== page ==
Bitcoin is in danger of losing its status as the preferred hedge against inflation, according to some analysts and asset managers.
Crypto enthusiasts often argue that Bitcoin is the perfect hedge because of its limited supply. Therefore, it can’t be devalued because of increased production.
And many investors have bought into this philosophy. For example, Bitcoin reached its $69,000 mark just minutes after the latest US inflation report released on 10 November showed the US consumer price index (CPI) climbed to a 30-year high.
But some analysts note that ongoing regulatory and macroeconomic policy concerns are putting downward pressure on the asset class at a time of persistent inflation. They also note that these pressures are skewing the limited data used to judge Bitcoin’s effectiveness as a hedge.
One of the main macroeconomic concerns for the crypto market is the US Federal Reserve Bank’s hawkish stance on inflation, according to a research note published by analyst Genevieve Yeoh and Joo Kian at Delphi Digital.
The central bank that once described inflation as “transitory” reversed course on 30 November when Chair Jerome Powell told the US Senate Banking Committee that rising rising may persist longer than the initial projections showed.
Powell also told lawmakers that the central bank is considering reducing its bond purchases at an accelerated pace. Yeoh and Kian say this has already caused the market to “price in expectations for tighter monetary policy” and rising interest rates.
Kian says crypto investors should be concerned about rising interest rates because they can gauge investor appetite for risky asset classes.
The Fed’s bond purchase taper could increase interest rates, which could coincide with decreased investor demand for highly volatile assets like cryptocurrencies as investors seek shelter, Kian wrote in a note published on 24 November.
However, trading data from Binance shows that interest in cryptocurrencies remains strong despite the steady increase of the benchmark 10-year Treasury bond yield over the past few weeks.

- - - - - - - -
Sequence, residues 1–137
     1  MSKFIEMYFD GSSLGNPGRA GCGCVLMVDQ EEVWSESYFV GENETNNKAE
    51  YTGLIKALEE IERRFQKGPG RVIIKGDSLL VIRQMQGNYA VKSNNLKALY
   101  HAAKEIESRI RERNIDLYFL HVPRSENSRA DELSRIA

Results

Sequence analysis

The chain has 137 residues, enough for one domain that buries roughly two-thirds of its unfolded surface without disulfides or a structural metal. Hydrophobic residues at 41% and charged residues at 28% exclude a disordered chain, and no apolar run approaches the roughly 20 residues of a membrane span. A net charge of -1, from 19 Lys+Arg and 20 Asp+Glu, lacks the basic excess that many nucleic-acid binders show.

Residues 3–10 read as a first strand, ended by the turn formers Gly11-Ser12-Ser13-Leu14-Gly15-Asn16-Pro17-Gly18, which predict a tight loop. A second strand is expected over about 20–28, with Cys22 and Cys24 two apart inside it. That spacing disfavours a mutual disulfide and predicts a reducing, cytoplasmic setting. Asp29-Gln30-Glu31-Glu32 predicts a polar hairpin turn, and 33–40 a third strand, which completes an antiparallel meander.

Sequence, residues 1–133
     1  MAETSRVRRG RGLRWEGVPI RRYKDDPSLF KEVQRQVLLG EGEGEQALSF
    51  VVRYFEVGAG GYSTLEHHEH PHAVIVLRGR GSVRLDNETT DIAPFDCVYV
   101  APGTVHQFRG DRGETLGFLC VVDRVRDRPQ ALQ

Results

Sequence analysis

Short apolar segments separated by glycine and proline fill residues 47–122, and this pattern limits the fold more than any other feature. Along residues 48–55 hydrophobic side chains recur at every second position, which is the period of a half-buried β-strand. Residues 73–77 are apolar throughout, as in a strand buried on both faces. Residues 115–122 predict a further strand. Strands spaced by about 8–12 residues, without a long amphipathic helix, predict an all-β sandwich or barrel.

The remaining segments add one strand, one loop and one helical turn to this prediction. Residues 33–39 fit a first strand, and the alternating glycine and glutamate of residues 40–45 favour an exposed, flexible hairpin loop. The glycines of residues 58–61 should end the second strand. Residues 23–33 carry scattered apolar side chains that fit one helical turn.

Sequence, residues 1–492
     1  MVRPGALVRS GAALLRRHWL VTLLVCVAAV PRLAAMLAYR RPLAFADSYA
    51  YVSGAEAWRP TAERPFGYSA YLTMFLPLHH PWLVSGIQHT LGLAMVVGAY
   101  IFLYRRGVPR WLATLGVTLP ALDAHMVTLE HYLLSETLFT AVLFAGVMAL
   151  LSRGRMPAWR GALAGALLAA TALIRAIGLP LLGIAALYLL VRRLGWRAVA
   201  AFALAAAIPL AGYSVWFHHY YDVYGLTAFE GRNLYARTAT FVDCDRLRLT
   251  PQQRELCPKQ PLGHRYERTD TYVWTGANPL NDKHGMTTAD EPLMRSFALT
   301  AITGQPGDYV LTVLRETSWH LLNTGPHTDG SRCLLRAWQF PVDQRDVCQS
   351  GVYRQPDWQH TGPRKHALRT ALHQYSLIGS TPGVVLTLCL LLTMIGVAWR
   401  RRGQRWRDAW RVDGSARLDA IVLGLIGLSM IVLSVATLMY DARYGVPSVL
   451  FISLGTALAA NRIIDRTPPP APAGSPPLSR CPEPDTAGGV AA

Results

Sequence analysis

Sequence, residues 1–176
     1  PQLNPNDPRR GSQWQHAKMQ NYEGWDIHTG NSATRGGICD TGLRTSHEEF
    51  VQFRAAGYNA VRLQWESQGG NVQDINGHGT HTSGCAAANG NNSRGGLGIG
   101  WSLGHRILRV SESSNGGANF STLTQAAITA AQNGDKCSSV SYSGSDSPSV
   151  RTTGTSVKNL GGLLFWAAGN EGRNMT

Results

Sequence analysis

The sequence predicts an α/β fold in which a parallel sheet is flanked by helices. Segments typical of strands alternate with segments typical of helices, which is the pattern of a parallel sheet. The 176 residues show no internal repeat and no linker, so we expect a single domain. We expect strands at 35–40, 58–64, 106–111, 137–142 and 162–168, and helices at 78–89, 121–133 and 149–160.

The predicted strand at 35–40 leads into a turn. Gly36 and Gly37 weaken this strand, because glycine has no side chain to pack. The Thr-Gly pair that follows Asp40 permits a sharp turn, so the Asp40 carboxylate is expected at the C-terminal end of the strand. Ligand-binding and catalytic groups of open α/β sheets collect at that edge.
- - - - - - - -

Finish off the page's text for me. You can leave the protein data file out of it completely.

The notional value of open interest in Bitcoin was more than $3.6bn by 16:25 UTC, the data shows. However, short interest in Bitcoin has risen over the last month and accounted for 47% of the positions taken on Binance on 2 December, the data shows.
To Karan Sood, a portfolio manager at CBOE Vest, Bitcoin was seemingly designed with today’s economic challenges in mind because of its limited supply. This makes it like other traditional inflation hedges such as gold and silver because Bitcoin’s cost of production is so high.
What makes the digital asset class different from other asset classes is its relative newness when compared to other hedges like gold, Sood says. This relative data imbalance favours traditional commodities, but that may change as more data is acquired, Sood adds.
Because of this lack of data, Sood says investors should approach their digital holdings like they would for other volatile assets during inflationary periods.
“Most investors move away from Bitcoin during inflationary periods because of its volatility,” Sood told Capital.com. “This is the same theoretical approach used to manage other volatile assets, so it makes sense to apply it in this case.”
So far this year, Bitcoin has returned more than 93% to its investors while gold has lost 3% of its value.
The main difference between CFD trading and trading assets, such as commodities and stocks, is that you don’t own the underlying asset when you trade on a CFD.
You can still benefit if the market moves in your favour, or make a loss if it moves against you. However, with traditional trading you enter a contract to exchange the legal ownership of the individual shares or the commodities for money, and you own this until you sell it again.
CFDs are leveraged products, which means that you only need to deposit a percentage of the full value of the CFD trade in order to open a position. But with traditional trading, you buy the assets for the full amount. In the UK, there is no stamp duty on CFD trading, but there is when you buy stocks, for example.
CFDs attract overnight costs to hold the trades (unless you use 1-1 leverage), which makes them more suited to short-term trading opportunities. Stocks and commodities are more normally bought and held for longer. You might also pay a broker commission or fees when buying and selling assets direct and you’d need somewhere to store them safely.